Thousands rally for slain black teen Trayvon Martin
Al Sharpton and Martin Luther King III joined Martin's parents at the rally.
One sentiment was clear among the thousands who rallied Thursday night for action in last month's fatal shooting of an unarmed Florida teenager: justice.Skip to next paragraph
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"We cannot allow a precedent when a man can just kill one of us ... and then walk out with the murder weapon," Sharpton said, flanked by Martin's parents and a stage full of supporters. "We don't want good enough. We want George Zimmerman in court with handcuffs behind his back."
The rally came the same day that bitterly criticized Police Chief Bill Lee stepped down temporarily, he said to help quell the rising passions surrounding the case. Hours later, Gov. Rick Scott announced that the county prosecutor also had recused himself from the case and that a state attorney from Jacksonville would take over the investigation.
Sharpton attended the rally just hours after the death of his mother. "This is where she would want me to be," he said.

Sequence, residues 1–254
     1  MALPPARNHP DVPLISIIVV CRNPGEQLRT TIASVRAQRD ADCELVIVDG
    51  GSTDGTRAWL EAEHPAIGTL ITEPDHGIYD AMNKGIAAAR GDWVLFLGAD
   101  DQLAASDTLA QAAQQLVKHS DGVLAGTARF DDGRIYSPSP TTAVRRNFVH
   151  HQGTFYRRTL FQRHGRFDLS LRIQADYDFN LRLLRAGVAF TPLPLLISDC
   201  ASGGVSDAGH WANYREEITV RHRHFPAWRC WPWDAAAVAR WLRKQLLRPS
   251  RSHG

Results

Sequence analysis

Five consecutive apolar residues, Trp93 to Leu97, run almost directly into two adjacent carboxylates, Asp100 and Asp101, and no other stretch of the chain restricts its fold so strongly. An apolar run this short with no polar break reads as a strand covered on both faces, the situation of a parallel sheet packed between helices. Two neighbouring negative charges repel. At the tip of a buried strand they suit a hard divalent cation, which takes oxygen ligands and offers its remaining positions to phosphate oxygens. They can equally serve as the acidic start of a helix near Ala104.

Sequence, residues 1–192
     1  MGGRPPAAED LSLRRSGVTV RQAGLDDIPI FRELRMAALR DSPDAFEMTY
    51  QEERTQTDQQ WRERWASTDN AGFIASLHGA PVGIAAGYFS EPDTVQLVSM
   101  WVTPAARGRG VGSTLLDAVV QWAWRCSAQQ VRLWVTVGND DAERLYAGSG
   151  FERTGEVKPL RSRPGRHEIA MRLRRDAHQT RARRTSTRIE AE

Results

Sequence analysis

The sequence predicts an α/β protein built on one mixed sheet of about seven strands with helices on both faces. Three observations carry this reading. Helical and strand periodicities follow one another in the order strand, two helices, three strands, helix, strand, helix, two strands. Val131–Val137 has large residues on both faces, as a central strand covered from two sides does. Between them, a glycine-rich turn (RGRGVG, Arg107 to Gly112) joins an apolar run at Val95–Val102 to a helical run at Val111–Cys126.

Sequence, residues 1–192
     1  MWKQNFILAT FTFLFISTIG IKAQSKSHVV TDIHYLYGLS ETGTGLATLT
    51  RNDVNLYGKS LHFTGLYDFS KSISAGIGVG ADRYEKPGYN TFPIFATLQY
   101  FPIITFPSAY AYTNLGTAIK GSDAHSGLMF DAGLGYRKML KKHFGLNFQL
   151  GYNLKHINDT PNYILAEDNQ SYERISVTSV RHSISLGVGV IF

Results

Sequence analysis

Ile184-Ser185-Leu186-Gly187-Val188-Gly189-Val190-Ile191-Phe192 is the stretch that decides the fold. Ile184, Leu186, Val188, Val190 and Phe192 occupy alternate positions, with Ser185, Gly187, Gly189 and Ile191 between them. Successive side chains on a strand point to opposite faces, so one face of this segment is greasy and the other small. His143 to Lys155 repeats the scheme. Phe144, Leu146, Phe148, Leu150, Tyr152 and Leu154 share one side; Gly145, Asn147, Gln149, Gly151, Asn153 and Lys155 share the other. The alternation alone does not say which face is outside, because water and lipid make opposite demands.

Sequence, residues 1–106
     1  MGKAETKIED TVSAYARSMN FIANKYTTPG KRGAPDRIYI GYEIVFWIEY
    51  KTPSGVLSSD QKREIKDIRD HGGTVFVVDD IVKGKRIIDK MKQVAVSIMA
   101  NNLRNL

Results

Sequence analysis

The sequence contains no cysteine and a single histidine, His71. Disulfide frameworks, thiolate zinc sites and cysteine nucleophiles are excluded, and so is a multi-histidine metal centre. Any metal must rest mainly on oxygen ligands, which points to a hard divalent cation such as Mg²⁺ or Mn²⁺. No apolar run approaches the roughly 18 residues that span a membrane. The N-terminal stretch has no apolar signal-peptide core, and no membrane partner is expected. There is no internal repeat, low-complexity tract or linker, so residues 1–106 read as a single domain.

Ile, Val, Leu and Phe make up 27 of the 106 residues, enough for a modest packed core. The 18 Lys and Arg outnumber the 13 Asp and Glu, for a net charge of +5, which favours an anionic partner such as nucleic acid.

Trayvon Martin lived in Miami and was in Sanford visiting family Feb. 26 when he went to a convenience store. He was walking back carrying a bag of Skittles candy and can of iced tea, the hood of his jacket pulled over his head because it was raining. He was approached by the 28-year-old Zimmerman, who told a police dispatcher he thought Martin looked suspicious. Zimmerman shot Martin following a chase and fight.
Zimmerman says he shot Martin in self-defense, and Sanford police officials say there is no evidence that contradicts that. Some neighbors in the gated community have praised Zimmerman for taking a stand against crime in the neighborhood that is 57 percent white and 30 percent black. Police say Zimmerman is white; his family says he's Hispanic.
Martin's parents, Tracy Martin and Sybrina Fulton, believe Zimmerman should have been arrested. They claim he was profiling their son and acted like a vigilante.
The rally was initially planned for a 400-seat church. But it was moved to downtown to make room for all the people who stood shoulder-to-shoulder in Fort Mellon Park, many holding signs with everything from "Justice For Trayvon" to "Chief is gone, Zimmerman is next."